Islands have long captured the imagination of would be adventurers. Since before the Age of Discovery countries and private expeditions have been searching for bits of undiscovered land to claim as their own. With the advent of satellites there are no longer truly undiscovered islands, but thanks to the internet we can discover some very unusual, even unbelievable islands from the comfort of our homes. From the inaccessible remote to a failed multi-bullion dollar project these are some of the most unbelievable island photos in the world.
Elevated Runway and Imported Beach
The Island of Madeira is Portuguese territory located 520 km (323.11 mi) from the African coast and 1,000 km (621.37 mi) from the European continent. The volcanic island is very hilly and the place lacks good beaches, but that has not stopped the Portuguese from getting to paradise and improving it. They built two unique structures on Madeira Island; an award-winning engineering marvel of an airport partly built on pillars and a completely artificial beach built from imported sand from Western Saharan.
North Sentinel Island
Life in Time Warp
We do know they DO NOT want contact with outsiders. In 2006, Sentinelese archers killed two fishermen who were fishing illegally within range of the island and buried the bodies on the beach. The warriors (pictured) later drove off a Coast Guard helicopter with a hail of arrows.
100% built out
The Island of Male is the capital of Maldives and very densely populated.
Unlike North Sentinel which has no infrastructure, Male Island and three more islands connected to it are completely over developed and crowded. The population of Male has grown from 20,000 people in 1987 to over 103,000 people in 2006 and the people are jammed in cheek to jowl.
Malé is the second most densely populated island worldwide with a population density of 46,320 per sq. mile (Ap Lei Chau Island in Hong Kong ranks first). Densely populated New York City (26,402 per sq. mile) and San Francisco (16,634 per sq. mile) look thinly populated compared to Male.
Since there is no surrounding countryside, all infrastructure has to be located in the city itself. Water is desalinated via reverse osmosis from brackish 50-60m deep wells within the city. Diesel generators provide all electric power. Sewage is simply pumped untreated into the ocean. Solid waste is transported to nearby islands, where it is used to fill in lagoons. The airport is built on garbage and Thilafushi lagoon is now being filled in. Much of the current land mass of Male is actually fill. The highest elevation of only 8 feet/2.4 meters (buildings are much taller of course) so if sea levels rise, bye-bye Male.
The World and the Palm
Artificial Islands in Dubai
The Palm came first, a collection of uniquely shaped man made islands off the coast of Dubai. There are homes, apartment buildings and planned hotels on the Palm. Then in September 2003 dredging was started to build Sheikh Mohammed bin Rashid Al Maktoum's "The World" development, just one of many highly ambitious projects reshaping Dubai.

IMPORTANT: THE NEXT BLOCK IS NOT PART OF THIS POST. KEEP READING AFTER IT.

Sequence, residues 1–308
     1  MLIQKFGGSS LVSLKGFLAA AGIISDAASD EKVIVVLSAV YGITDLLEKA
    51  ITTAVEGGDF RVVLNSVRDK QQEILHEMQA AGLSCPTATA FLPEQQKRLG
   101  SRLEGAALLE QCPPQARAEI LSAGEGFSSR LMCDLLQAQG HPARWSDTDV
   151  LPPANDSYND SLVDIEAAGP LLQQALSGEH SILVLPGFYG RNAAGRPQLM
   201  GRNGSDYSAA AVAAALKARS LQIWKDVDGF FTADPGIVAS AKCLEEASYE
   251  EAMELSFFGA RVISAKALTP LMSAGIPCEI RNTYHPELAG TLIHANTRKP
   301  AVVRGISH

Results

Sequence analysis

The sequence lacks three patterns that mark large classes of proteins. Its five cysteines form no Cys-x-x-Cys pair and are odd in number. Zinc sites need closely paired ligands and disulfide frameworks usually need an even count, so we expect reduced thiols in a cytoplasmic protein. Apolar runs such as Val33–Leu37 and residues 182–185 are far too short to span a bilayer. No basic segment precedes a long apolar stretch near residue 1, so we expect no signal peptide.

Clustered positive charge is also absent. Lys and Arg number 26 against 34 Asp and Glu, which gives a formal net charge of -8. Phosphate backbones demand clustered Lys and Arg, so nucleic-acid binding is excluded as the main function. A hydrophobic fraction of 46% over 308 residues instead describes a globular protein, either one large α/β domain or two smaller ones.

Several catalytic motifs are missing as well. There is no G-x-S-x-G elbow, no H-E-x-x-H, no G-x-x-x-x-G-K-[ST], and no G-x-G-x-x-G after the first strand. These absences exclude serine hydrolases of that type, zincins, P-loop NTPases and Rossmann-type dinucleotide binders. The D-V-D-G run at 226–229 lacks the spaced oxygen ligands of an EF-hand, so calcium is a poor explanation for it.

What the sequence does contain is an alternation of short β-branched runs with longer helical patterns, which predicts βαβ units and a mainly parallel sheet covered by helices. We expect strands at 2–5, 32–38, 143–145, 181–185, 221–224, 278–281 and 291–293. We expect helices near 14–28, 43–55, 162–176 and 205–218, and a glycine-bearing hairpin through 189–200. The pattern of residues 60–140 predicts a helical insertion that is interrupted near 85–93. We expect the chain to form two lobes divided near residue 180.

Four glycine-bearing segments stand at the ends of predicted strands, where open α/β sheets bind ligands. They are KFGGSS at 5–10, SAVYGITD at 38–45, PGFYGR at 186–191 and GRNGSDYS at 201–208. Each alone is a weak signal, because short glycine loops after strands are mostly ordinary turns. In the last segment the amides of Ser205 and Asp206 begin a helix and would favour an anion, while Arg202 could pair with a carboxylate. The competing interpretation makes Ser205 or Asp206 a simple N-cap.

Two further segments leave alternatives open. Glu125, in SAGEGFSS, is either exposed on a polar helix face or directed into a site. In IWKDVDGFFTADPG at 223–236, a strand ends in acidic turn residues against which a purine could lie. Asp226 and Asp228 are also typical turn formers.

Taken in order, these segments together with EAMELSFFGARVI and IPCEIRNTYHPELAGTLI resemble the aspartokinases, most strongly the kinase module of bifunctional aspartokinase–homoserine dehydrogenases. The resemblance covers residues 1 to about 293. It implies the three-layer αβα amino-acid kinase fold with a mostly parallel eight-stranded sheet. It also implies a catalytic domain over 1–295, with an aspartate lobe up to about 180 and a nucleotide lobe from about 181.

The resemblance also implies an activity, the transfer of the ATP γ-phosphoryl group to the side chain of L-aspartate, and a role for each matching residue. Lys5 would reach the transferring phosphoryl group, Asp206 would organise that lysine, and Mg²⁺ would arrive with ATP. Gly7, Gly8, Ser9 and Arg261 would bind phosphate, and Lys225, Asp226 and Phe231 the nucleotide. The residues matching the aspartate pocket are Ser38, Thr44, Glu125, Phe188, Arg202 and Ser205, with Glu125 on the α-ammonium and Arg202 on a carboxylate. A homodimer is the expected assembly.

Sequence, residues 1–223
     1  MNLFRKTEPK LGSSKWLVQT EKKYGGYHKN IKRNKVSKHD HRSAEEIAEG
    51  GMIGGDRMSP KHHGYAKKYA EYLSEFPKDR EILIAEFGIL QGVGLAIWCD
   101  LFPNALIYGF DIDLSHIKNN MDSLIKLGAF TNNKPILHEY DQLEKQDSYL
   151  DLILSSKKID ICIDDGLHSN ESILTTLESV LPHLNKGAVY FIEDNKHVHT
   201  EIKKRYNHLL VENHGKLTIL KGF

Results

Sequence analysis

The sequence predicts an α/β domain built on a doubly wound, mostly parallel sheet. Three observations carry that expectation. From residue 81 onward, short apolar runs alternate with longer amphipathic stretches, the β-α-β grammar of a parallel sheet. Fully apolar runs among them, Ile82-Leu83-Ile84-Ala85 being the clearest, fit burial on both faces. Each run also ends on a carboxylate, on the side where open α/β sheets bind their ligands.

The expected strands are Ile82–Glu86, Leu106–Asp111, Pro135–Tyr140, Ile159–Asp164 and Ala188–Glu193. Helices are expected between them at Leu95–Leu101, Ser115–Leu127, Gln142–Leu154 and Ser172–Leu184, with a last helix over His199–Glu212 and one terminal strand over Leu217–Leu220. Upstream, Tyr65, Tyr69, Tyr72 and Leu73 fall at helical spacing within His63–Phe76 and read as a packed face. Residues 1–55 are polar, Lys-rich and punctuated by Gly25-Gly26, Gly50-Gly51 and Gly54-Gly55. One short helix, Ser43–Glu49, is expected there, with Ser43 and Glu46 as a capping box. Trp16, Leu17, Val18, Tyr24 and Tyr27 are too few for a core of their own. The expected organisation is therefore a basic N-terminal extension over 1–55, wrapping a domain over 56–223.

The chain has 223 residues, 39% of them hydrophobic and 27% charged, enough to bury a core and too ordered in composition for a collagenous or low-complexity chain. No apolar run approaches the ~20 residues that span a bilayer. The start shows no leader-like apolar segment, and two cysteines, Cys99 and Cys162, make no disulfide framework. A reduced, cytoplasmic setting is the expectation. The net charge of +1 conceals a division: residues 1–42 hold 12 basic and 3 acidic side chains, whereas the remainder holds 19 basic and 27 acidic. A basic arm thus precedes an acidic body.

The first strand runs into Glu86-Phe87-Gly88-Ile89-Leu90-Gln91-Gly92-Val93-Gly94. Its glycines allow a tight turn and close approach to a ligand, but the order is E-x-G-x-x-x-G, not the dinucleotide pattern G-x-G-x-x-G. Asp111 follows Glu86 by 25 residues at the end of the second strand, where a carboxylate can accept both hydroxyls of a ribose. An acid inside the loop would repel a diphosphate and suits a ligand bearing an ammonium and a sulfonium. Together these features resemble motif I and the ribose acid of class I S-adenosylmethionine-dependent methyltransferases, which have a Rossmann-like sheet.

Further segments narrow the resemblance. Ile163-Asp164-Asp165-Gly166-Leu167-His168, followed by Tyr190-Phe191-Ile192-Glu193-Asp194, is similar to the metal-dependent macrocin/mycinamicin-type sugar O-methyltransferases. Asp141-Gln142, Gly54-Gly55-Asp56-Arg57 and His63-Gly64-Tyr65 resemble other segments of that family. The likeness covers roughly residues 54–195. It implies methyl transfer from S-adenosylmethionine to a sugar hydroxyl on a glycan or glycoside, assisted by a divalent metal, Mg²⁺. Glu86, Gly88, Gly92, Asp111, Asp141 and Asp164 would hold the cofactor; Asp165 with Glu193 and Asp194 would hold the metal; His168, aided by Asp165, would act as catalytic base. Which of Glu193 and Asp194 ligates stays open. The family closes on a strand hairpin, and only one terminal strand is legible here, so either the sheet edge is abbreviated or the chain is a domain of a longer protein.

The World islands range from 14,000 to 42,000 square metres (150,000 to 450,000 sq ft) in area with an average 100 metres (330 ft) between them. 321 million cubic metres of sand from the Gulf and 31 million tons of rock trucked from the mountainous interior were used to create the development in an area that covers 6 by 9 kilometres (3.7 by 5.6 mi). An oval-shaped breakwater island shelters the sand islands from being washed away (hopefully that is, some say the islands are already eroding).  Because there are so many new islands, roughly 232 km (144 mi) of new shoreline has been created for a country with limited developable waterfront.
It is estimated that The World's base island cost a cool $14 billion USD and billions more will be spent in constructing buildings. Many of the "countries" have sold, but all plans to develop the new islands were shelved in 2008/2009 by the various developer owners.
Penguin Marine, the company contracted to provide transportation to the archipelago, is attempting to get out of the annual fees of $1.6 million paid to Nakheel properties.
John O'Dolan, who purchased the "Ireland" island, committed suicide in February 2009 after his group fell into financial problems.
Promotional Video for The World at Dubai
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Most Remote Island in the World
Not a lot happens on this frozen inaccessible extinct volcano. No one has lived on the island for more then a month or so and tourism arrivals are almost non-existent. If you decide to visit, it's likely that you will be denied permission unless you join a research expedition, as the whole island is a nature reserve.
It might be possible to land with a small boat (there is no harbor) but helicoptering off a ship is the safest way on to Bouvet Island. The small (58.5 km2) volcanic island rises sharply from the ocean, with cliffs up to 500 metres high. Almost all of the island is covered by a thick glacier and considered inaccessible. The highest point is Olav Peak at 780 meters.
Because it is designated as a dependant territory, Bouvet Island comes up in many lists of countries. This causes travel websites to automatically create pages for the island and attempt to generate flight, hotel, car rental and attraction listings even though there will never be any of these things on Bouvet. For some obscure reason the Internet Assigned Numbers Authority gave it its own top-level domain .bv which no one uses.
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